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## PowerPoint Slideshow about 'Plain Vanilla Swaps' - moses

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1. History of Interest rate swaps

- Interest-rate swaps have grown tremendously over the

last 10 years.

Swaps were first created to exploit comparative advantage. This is when two companies who want to borrow money are quoted fixed and floating rates such that by exchanging payments between themselves they benefit, at the same time benefiting the intermediary who puts the deal together.

2. The structure of interest rate swap

- In an interest rate swap, each counterparty agrees to pay either a fixed or floating rate denominated in a particular currency to the other counterparty. The fixed or floating rate is multiplied by a notional principal amount (say, USD 1 million). This notional amount is generally not exchanged between counterparties, but is used only for calculating the size of cash flows to be exchanged. The most common interest rate swap is one where one counterparty A pays a fixed rate (the swap rate) to counterparty B, while receiving a floating rate (usually pegged to a reference rate such as LIBOR). A pays fixed rate to B (A receives variable rate); B pays variable rate to A (B receives fixed rate).

3. Plain vanilla interest-rate swap

- The simplest swap structure is a plain vanilla interest rate swap, in which one party receives a fixed interest rate agreed in advance and the other party a variable reference interest rate. This swap specifies the notional amount or face value of the swap, the payment frequency (quarterly, semi-annual, etc.) the maturity, or fixed rate, and the floating rate. One party (Counterparty A) makes fixed rate payments on the notional amount. The other party (Counterparty B) makes floating rate payments to Counterparty A based on the same notional amount.

4. Valuation and pricing for the interest rate swap

- The present value of a plain vanilla (i.e. fixed rate for floating rate) swap can easily be computed using standard methods of determining the present value (PV) of the fixed leg and the floating leg.
- The value of the fixed leg is given by the present value of the fixed coupon payments known at the start of the swap, i.e., where C is the swap rate, M is the number of fixed payments, P is the notional amount, ti is the number of days in period i, Ti is the basis according to the day count convention and dfi is the discount factor.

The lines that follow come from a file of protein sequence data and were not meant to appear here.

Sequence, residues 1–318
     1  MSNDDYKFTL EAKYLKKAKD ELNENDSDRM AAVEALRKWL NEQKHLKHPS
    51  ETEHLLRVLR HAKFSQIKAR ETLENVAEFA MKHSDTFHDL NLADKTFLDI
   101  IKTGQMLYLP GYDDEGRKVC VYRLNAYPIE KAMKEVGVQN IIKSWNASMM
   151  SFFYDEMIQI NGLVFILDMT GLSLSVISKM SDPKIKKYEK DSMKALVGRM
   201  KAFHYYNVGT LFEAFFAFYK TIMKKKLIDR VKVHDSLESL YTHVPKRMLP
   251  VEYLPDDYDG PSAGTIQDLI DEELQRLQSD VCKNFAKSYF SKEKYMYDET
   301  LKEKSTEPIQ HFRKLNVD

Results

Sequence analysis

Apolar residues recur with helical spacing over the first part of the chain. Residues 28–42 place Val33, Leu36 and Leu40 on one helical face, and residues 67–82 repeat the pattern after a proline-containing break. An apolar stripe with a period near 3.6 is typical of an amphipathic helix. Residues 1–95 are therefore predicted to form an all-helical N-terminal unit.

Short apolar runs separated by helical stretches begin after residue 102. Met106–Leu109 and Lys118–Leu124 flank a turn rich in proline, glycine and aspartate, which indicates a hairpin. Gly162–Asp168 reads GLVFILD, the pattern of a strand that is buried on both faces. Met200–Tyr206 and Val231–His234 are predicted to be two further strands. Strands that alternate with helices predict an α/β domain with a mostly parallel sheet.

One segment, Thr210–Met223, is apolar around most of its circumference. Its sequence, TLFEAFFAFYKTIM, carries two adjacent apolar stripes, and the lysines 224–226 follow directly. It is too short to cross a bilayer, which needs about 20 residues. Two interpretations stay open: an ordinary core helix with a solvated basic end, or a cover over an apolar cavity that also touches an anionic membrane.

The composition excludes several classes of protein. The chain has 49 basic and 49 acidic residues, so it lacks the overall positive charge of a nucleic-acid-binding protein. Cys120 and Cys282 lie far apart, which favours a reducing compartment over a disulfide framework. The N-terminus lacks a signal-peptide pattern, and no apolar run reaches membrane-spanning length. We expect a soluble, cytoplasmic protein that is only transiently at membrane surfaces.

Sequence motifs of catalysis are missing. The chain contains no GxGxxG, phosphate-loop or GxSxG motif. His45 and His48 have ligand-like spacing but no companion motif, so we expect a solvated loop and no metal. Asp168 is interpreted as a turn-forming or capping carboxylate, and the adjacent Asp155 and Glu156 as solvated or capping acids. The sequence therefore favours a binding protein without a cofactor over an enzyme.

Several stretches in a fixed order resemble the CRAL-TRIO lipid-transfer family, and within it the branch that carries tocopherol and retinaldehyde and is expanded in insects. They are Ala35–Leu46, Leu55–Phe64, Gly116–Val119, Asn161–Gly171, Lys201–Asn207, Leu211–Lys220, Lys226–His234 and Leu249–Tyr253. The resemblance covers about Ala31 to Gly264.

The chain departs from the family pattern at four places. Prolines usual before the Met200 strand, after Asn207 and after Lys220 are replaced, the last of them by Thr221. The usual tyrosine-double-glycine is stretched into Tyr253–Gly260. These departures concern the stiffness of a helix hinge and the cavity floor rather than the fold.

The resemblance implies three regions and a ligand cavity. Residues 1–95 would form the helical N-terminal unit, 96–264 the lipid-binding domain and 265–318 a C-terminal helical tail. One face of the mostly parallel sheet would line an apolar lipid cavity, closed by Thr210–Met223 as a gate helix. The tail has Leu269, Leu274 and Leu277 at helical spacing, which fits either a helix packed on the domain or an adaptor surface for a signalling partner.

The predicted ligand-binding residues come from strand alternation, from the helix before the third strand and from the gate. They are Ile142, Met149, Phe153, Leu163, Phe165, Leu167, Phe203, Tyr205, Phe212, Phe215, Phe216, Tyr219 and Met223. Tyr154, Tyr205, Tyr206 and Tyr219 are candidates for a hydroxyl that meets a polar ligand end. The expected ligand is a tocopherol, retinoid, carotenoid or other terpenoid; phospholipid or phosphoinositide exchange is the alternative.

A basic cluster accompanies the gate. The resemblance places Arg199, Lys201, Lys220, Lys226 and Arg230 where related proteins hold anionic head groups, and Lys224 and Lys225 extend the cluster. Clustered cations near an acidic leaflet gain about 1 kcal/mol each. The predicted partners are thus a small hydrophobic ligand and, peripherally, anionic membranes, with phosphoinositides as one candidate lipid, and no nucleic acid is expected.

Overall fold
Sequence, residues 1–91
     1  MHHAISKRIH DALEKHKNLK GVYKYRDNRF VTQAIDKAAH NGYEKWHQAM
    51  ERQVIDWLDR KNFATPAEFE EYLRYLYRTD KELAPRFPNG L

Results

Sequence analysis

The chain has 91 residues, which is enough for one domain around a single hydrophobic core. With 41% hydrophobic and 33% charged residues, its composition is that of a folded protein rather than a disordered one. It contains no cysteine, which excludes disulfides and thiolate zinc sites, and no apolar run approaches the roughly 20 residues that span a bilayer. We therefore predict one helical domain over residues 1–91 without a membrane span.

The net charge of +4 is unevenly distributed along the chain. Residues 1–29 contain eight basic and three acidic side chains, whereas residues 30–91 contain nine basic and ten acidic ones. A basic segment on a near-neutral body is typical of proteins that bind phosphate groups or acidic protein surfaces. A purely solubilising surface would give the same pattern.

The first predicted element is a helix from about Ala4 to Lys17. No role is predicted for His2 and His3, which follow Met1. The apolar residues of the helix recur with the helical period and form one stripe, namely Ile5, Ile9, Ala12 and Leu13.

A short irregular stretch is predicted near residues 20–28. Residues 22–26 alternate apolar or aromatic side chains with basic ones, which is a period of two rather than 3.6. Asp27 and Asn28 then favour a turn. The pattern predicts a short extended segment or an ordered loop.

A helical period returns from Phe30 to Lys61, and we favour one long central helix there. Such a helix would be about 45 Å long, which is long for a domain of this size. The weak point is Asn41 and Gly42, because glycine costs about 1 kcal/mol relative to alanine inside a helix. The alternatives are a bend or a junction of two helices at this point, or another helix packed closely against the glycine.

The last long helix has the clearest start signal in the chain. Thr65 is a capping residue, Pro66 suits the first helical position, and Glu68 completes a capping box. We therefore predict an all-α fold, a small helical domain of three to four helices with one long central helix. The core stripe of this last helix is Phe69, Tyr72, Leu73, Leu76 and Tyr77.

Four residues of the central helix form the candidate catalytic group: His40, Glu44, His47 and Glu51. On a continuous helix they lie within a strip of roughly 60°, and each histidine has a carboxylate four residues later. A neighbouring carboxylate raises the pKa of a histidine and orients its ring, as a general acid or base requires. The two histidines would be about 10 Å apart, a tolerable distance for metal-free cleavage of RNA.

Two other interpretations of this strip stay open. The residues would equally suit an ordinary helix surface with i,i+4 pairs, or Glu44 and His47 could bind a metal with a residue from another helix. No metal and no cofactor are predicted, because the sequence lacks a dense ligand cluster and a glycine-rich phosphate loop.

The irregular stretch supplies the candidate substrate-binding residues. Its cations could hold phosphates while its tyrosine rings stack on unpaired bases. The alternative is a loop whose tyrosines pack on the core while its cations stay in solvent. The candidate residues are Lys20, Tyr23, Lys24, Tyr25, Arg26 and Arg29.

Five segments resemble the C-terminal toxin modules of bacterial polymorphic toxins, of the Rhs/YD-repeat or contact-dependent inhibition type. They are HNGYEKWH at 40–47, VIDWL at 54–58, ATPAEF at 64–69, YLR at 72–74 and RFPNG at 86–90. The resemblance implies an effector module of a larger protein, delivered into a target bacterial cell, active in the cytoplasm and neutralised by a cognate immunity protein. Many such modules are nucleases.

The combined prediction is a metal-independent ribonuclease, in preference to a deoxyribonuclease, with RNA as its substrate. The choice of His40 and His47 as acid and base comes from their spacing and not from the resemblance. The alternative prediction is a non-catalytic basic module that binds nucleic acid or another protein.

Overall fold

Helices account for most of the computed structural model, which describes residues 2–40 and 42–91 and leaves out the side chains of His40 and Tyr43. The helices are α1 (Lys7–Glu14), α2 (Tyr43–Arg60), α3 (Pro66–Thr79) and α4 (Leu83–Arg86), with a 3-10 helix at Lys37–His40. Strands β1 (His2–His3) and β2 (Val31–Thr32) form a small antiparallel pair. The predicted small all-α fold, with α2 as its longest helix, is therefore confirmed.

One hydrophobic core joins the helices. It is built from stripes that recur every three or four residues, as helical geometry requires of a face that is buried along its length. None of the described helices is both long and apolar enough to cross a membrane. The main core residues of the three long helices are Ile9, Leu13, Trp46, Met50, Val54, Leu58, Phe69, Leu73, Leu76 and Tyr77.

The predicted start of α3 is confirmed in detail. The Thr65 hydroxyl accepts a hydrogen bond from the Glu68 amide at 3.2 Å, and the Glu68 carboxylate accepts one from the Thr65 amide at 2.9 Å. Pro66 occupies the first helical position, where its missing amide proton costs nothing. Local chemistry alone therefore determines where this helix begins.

4. Valuation and pricing for the interest rate swap

- Similarly, the value of the floating leg is given by the present value of the floating coupon payments determined at the agreed dates of each payment. The value of the floating leg is given by the following:
- Where N is the number of floating payments, fj is the forward rate, P is the notional amount, tj is the number of days in period j, Tj is the basis according to the day count convention and dfj is the discount factor. The discount factor always starts with 1. The discount factor is found as follows:

[Discount factor in the previous period]/[1 + (Forward rate of the floating underlying asset in the previous period × Number of days in period/360)].

4. Valuation and pricing for the interest rate swap

- The fixed rate offered in the swap is the rate which values the fixed rates payments at the same PV as the variable rate payments using today\'s forward rates, i.e.:
- Therefore, at the time the contract is entered into, there is no advantage to either party, i.e.,
- Thus, the swap requires no upfront payment from either party.

5. EXCEL Application

- Build an application in Excel/VBA to value plain vanilla swaps.
- Input:
- a short rate vector: r(1), r(2), …, r(n)
- basis points
- the nominal value
- and a vector of times where the cash flows exist t(1),

t(2), …, t(n).

- In this model, the fixed and floating cash flows can have different periods. E.g., the fixed cash flows can be paid annually and the floating semi-annual.

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